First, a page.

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The AFCA National Championship Trophy (also known as the Coaches' Trophy) is the trophy awarded annually by the American Football Coaches Association (AFCA) to the NCAA Division I FBS college football national champion as determined by the Coaches' Poll. The trophy has been presented since 1986 and was contractually given to the winner of the BCS National Championship Game and its predecessors from 1992 to 2013. It will continue to be awarded to the No. 1 ranked team in the final poll of the season.[1]

AFCA National Championship Trophy
President Trump Welcomes the Clemson Tigers to the White House (32881334928) (cropped).jpg
Clemson's 2018 Championship Trophy
Given forCoaches' Poll national champion (1986–present)
Winner of BCS National Championship Game (1998–2013)
Winner of Bowl Alliance (1995–1997)
Winner of Bowl Coalition (1992–1994)
CountryUnited States
Presented byAmerican Football Coaches Association
First award1986
(retroactively available to No. 1 Coaches' Poll teams)
Most recentClemson

Patrick and Michael Gerrits came up with the idea for a college football trophy to be awarded to the AFCA national champions along with an academic scholarship award to a non-athlete. The intent was to honor the memory of the patriarch of the Gerrits family, Edward J. Gerrits. The trophy consists of a Waterford Crystal football[2] affixed to an ebony base, and carries a value of over $30,000. The winning school retains permanent possession of the trophy, as a new one is awarded every year. The football portion of the trophy weighs approximately eight pounds and together with the stand, it weighs about 45 pounds (20 kg) and stands 34 inches (86 cm) tall. It is handmade by master craftspeople at Waterford Crystal and reportedly takes nearly three months to complete.[2][3]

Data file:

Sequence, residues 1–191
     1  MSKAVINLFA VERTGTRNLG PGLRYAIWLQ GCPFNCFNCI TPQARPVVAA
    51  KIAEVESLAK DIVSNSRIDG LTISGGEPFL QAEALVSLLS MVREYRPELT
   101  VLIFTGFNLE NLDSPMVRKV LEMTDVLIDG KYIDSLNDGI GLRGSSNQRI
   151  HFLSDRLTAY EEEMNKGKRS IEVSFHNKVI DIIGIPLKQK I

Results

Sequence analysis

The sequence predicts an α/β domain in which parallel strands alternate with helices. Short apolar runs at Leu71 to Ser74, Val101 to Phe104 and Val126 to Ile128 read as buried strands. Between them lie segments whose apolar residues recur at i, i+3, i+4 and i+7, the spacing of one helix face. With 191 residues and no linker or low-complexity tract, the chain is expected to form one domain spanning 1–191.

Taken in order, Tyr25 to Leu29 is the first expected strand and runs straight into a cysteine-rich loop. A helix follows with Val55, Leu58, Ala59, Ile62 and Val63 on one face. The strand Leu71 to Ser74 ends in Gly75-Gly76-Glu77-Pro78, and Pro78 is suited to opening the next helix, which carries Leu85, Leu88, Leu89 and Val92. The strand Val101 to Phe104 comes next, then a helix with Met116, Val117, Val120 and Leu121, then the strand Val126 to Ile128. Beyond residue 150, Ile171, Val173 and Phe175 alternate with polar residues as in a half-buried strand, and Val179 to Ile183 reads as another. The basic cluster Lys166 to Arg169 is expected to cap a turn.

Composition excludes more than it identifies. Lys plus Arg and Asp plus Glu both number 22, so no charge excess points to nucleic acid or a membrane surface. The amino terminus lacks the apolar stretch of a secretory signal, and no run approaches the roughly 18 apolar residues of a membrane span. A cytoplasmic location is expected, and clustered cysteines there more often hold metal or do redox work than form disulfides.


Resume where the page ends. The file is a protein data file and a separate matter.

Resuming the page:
The trophy has undergone several sponsorship changes over the years. It was sponsored by the Gerrits Foundation during the initial 1986 and 1987 seasons and, through the Gerrits' family Pepsi bottling business, Pepsi became a co-sponsor with the Gerrits Foundation in 1988 and 1989. McDonald's was the sole sponsor from 1990 to 1992. Sears began its sponsorship in 1993 and remained until 2001. Circuit City assumed the sponsorship for the 2002 season. ADT Security Services was the title sponsor from 2003 to 2005; and from 2009 to 2013, Dr Pepper sponsored the trophy.[2] Since 2014, Amway has been the trophy sponsor.[4]

The official name is the American Football Coaches Association National Championship Trophy; it was given this permanent name by the association in 2006. In 2009, the AFCA allowed universities to buy replica trophies for any year a school finished first in the Coaches' Poll prior to the trophy's creation in 1986.

Through the 1973 season, the final Coaches' Poll was released in early December, after the regular season, but before postseason bowl games. Beginning with the 1974 season, the Coaches' Poll conducted its final poll after the bowl games.

Throughout the eras of the Bowl Championship Series and its predecessors (1992–2013) no separate national championship trophy was commissioned by those bodies, with the AFCA Trophy serving that role. During the BCS era the Coaches' Trophy was presented to the winning team in an on-field ceremony after the title game.[5] With the end of the BCS, its successor playoff system, the College Football Playoff, commissioned a new trophy for its champion; officials wanted a new trophy that was unconnected with the previous championship system.[6] However, coaches were "adamant" that the AFCA trophy continue to be awarded.[5] Since the 2014 season, the trophy has been awarded to the team ranked No. 1 in the final Coaches' Poll of the season in a celebration at that team's stadium sometime after the College Football Playoff National Championship.[1]